The habeas challenge to military commissions recently filed by Abd Al Rahim Al-Nashiri is a loser on both procedure and substance.  Al-Nashiri, the alleged mastermind of the 2000 bombing of the USS Cole, argues that a federal court can, and should, enjoin his pending commission trial because the charges against him concern acts that occurred before the start of hostilities between the US and Al Qaeda.  Therefore, he suggests, his conduct was not a war crime and the commission lacks jurisdiction.  Unfortunately for Al-Nashiri, his arguments on both federal and commission jurisdiction lack merit. The weakest link in Al-Nashiri’s petition is his plea that the DC District Court  enjoin his military commission proceeding.  Al-Nashiri’s claim (supported by Steve here) repackages a position found wanting by the Ninth Circuit.  In that earlier case, the court found that a provision of the Military Commissions Act of 2006 (MCA) which barred non-habeas efforts to challenge military commission trials precluded Al-Nashiri’s claim.  Al-Nashiri’s attorneys apparently drew renewed inspiration from the DC Circuit’s recent decision in Aamer v. Obama that the Supreme Court’s Boumediene decision struck down all of the MCA’s limits on habeas, including those seeking relief other than outright release.  Al-Nashiri’s attorneys have now framed their allegations as a habeas petition in DC’s federal district court.  However, aggressive lawyering cannot mask the claims’ stale bouquet: Al-Nashiri’s arguments remain old wine in new bottles. Al-Nashiri shouldn’t succeed, even if one concedes that the DC Circuit was right in Aamer to hear a habeas challenge to forced-feeding procedures for Gitmo hunger strikers (I agree the court was correct but on narrower grounds than those offered).  Al-Nashiri’s argument rests on a dramatic overreading of the Supreme Court’s decision in Hamdan v. Rumsfeld, where the Court ruled that President Bush lacked power to unilaterally establish military commissions.  Separation of powers was the key to both the Court’s ruling on the merits (based on President Bush’s failure to comply with Congress’s requirement that commission procedures be as close as “practicable” to courts martial) and its ruling that federal courts need not abstain pending Hamdan’s commission trial.  Justice Stevens, writing for the majority on this point (but only for a plurality on questions of military jurisdiction), hitched his rationale on abstention to the lack of express congressional approval for the commissions.  Justice Stevens strongly suggested that express authorization by Congress would have provided indicia of reliability and fairness, allowing the commission process to take its course.  Al-Nashiri’s case is distinguishable, since in the MCA Congress expressly authorized commissions.   Moreover, the merits of Al-Nashiri’s claim hinge, as we shall see, on subtle factual questions involving US measures against Al Qaeda prior to the USS Cole bombing.  Those questions deserve the full development of a record, which the military commission proceeding is well-situated to provide.  Judge Robertson reached a similar conclusion in denying Salim Hamdan analogous relief in 2008; Judge Robertson’s reasoning is relevant here, as well. Justice Stevens’ footnote 16 in Hamdan does not cut against this result.  Justice Stevens recognized, as the Court had indicated in the 1955 case of United States ex rel. Toth v. Quarles, that a defendant in a military tribunal could seek the intervention of a federal court on the issue of the defendant’s “status.”  However, the Toth decision dealt with a U.S. civilian (a former service member).  A determination of civilian “status” in such a case is a relatively uncomplicated application of law to facts in which military tribunals have no special claim to expertise.  Difficult questions entailing the indicia of armed conflict are, in contrast, precisely the matters in which military courts’ expertise is most valuable in creating a record.  Recognizing this, in the MCA Congress expressly found (see 10 USC sec. 948d) that commissions have the power and competence to make jurisdictional findings like those sought by Al-Nashiri.  That congressional determination is surely entitled to some deference, given the prudential reasons for abstention. Deference is also important, although not dispositive, regarding the substantive question of when hostilities with Al Qaeda commenced.  Under international law, the existence of a noninternational armed conflict depends on the intensity and duration of violence and the existence of an organized armed group (OAG) responsible for the violence.  The OAG criterion is readily met: “core” Al Qaeda ordered the Cole attack and used it as a basis for recruiting more terrorists.  The geographic distance between Yemen and Afghanistan is irrelevant given the centrality of Al Qaeda’s planning, which placed Osama bin Laden and Al-Nashiri in the same OAG. The duration and hostility factors also break against Al-Nashiri.  In the MCA, Congress gave military commissions jurisdiction over acts committed before September 11, recognizing that Al Qaeda’s military efforts against the US predated that event.  The conduct of the US prior to the Cole bombing buttresses Congress’s finding.  In August, 1998, President Clinton responded to the Al Qaeda-planned East African Embassy bombings, which killed over 250 persons, with a wave of Cruise missile strikes in Afghanistan and Sudan.  That sounds pretty intense to me, although the intensity seems lost on Al-Nashiri’s advocates. President Clinton informed Congress of the strikes using the language of armed conflict: he cited Article 51 of the UN Charter, which permits self-defense against an armed attack, describing the strikes as a “necessary and proportionate response to the imminent threat of further terrorist attacks against U.S personnel and facilities… intended to prevent and deter additional attacks by a clearly identified terrorist threat.”  Subsequently, as the 9/11 Commission Report relates at pp. 132-33, President Clinton issued a Memorandum of Notification authorizing CIA-affiliated tribal assets in Afghanistan to seek to capture Osama bin Laden.  And it happens that the contacts the CIA developed during the period from 1998 onward later facilitated the swift deposal of the Taliban following the September 11 attacks.  Defining armed conflict pragmatically, as Geoff Corn and Laurie Blank urge in their paper on Syria, would peg the start of the US armed conflict with Al Qaeda as the launching of Cruise missiles in August, 1998, more than two years before the Cole bombing. Admittedly, there are two sides to the debate about when armed conflict with Al Qaeda began.  Corn and Blank themselves might disagree with my analysis of Al-Nashiri’s claim, and other scholars have taken a narrower view of whether, and when, the conflict commenced.  Deborah Pearlstein has suggested in an insightful piece that courts have not invariably deferred to the Executive in determining the temporal boundaries of armed conflicts.  A comprehensive new article by Steve argues that established precedents do not yield a clear rationale for military tribunals, counseling caution in future cases.  There’s evidence to support this camp’s arguments. In the Cole case, President Clinton did not order a concrete military response, instead sending in the FBI.  Al-Nashiri makes the most of President Clinton’s decision not to respond militarily, although Al-Nashiri’s brief does not address the larger pattern of US military measures against Al Qaeda detailed above. Al-Nashiri’s brief also seizes on a statement by President Clinton shortly after the attack on the Cole that the bombing Cole occurred in a “time of peace.”  However, this isolated quotation cannot bear the weight that Al-Nashiri attaches to it.  President Clinton asserted that the attack was an “act of terrorism,” and that the U.S. would track down the attackers and hold them “accountable.”  The reference to a “time of peace” was not a characterization of the United States’ conflict with terrorists.  President Clinton’s language was simply a matter of fact observation that the U.S. was not at the time of the attack engaged in a traditional international armed conflict involving contending armies on the field of battle. Indeed, President Clinton’s statement suggested that the attack on the Cole was actually akin to one of the oldest war crimes: perfidy, which entails an adversary’s exploitation of overtures toward peace as a ruse for lethal force against opposing combatants.  The perfidy analogy dovetailed with President Clinton’s description of the attack as a “despicable and cowardly act.”  President Clinton’s insistence on holding the attackers “accountable” was not materially different from language used by President Bush after 9/11.  Clinton’s language, like Bush’s, implied a range of responses, from law enforcement to military means.  President Clinton’s statement certainly did not preclude any U.S. action that would be necessary and appropriate to promote accountability for the Cole bombing, including the military strikes that the U.S. had already used in the struggle against Al Qaeda.  Those ongoing efforts to secure accountability also include charging Al-Nashiri himself with perfidy and “murder in violation of the laws of war” – two of the charges that Al-Nashiri currently faces. More broadly, Al-Nashiri’s argument relies on a stylized view of the nature of armed conflict that bears little similarity to actual wars. Wars frequently feature peaks and valleys.  Consider the “Phony War” between Germany and the Allies in 1939-40 after Germany’s conquest of Poland.  In current events, consider the uneasy impasse that prevailed in the Ukraine between Russia’s March move into Crimea and Friday’s fighting between Ukraine’s government and pro-Russian militias – not peace, to be sure, but a pause with little actual violence.  Israel’s continuing armed conflict with Hamas has the same episodic character.  Sporadic violence may not fit the stereotype of war, but it has always been part of war’s reality.  Developing a record in Al-Nashiri’s commission trial is the most effective way to counter that stereotype.  The DC District Court should decline Al-Nashiri’s premature and ill-conceived invitation to characterize armed conflict with a rigidity that war itself has lacked.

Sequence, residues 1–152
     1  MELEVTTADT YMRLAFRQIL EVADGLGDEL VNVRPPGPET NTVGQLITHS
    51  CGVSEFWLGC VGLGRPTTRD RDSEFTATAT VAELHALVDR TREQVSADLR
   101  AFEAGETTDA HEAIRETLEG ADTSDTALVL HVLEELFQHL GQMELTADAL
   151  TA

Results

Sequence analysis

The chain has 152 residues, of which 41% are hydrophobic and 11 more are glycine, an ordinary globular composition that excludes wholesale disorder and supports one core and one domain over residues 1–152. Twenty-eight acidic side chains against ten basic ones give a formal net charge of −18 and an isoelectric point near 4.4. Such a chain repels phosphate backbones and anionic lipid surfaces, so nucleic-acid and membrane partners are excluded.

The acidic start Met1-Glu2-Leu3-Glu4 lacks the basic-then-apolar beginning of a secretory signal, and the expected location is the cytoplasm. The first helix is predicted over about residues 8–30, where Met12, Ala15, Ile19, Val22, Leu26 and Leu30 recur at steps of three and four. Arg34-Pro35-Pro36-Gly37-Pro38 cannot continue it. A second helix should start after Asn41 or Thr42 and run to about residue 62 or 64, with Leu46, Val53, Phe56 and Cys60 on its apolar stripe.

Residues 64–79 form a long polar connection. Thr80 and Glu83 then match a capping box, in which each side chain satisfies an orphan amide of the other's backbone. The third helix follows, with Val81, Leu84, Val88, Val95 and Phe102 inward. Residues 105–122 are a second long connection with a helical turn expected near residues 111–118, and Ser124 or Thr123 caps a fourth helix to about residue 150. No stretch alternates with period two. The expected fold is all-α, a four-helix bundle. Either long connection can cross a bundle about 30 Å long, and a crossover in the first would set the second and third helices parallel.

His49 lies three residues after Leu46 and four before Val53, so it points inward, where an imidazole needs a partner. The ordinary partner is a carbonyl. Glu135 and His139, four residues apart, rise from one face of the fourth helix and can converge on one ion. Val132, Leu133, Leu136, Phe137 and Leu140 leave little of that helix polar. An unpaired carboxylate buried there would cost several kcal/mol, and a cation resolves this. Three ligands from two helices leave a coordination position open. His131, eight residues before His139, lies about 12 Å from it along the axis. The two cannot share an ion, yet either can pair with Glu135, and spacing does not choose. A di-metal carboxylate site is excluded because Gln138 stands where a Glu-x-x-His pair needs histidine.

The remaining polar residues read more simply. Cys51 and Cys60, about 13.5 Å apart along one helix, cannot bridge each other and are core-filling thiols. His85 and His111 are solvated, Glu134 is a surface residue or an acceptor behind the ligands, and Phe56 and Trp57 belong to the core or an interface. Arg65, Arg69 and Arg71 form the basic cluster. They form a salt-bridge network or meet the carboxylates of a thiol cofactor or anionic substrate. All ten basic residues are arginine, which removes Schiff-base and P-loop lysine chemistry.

Peter Margulies is a professor at Roger Williams University School of Law, where he teaches Immigration Law, National Security Law and Professional Responsibility. He is the author of Law’s Detour: Justice Displaced in the Bush Administration (New York: NYU Press, 2010).

Subscribe to Lawfare